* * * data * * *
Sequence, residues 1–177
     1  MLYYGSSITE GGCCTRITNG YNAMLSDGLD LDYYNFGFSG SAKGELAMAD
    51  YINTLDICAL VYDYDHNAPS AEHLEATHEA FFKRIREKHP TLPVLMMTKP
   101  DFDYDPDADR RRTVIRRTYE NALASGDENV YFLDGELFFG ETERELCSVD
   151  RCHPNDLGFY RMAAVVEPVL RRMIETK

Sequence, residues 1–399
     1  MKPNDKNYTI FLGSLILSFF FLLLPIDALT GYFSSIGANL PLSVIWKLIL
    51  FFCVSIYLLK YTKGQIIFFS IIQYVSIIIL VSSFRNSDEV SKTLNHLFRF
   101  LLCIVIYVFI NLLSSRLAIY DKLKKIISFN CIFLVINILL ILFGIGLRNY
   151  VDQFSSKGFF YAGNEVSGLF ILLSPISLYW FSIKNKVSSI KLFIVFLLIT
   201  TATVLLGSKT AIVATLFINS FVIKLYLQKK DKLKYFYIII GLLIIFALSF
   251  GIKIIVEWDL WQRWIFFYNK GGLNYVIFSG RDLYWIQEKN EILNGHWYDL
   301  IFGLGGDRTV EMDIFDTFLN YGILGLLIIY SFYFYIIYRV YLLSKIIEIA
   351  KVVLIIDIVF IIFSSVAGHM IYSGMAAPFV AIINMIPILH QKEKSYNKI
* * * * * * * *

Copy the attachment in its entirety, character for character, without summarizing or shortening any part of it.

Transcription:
Sequence, residues 1–177
     1  MLYYGSSITE GGCCTRITNG YNAMLSDGLD LDYYNFGFSG SAKGELAMAD
    51  YINTLDICAL VYDYDHNAPS AEHLEATHEA FFKRIREKHP TLPVLMMTKP
   101  DFDYDPDADR RRTVIRRTYE NALASGDENV YFLDGELFFG ETERELCSVD
   151  RCHPNDLGFY RMAAVVEPVL RRMIETK

Sequence, residues 1–399
     1  MKPNDKNYTI FLGSLILSFF FLLLPIDALT GYFSSIGANL PLSVIWKLIL
    51  FFCVSIYLLK YTKGQIIFFS IIQYVSIIIL VSSFRNSDEV SKTLNHLFRF
   101  LLCIVIYVFI NLLSSRLAIY DKLKKIISFN CIFLVINILL ILFGIGLRNY
   151  VDQFSSKGFF YAGNEVSGLF ILLSPISLYW FSIKNKVSSI KLFIVFLLIT
   201  TATVLLGSKT AIVATLFINS FVIKLYLQKK DKLKYFYIII GLLIIFALSF
   251  GIKIIVEWDL WQRWIFFYNK GGLNYVIFSG RDLYWIQEKN EILNGHWYDL
   301  IFGLGGDRTV EMDIFDTFLN YGILGLLIIY SFYFYIIYRV YLLSKIIEIA
   351  KVVLIIDIVF IIFSSVAGHM IYSGMAAPFV AIINMIPILH QKEKSYNKI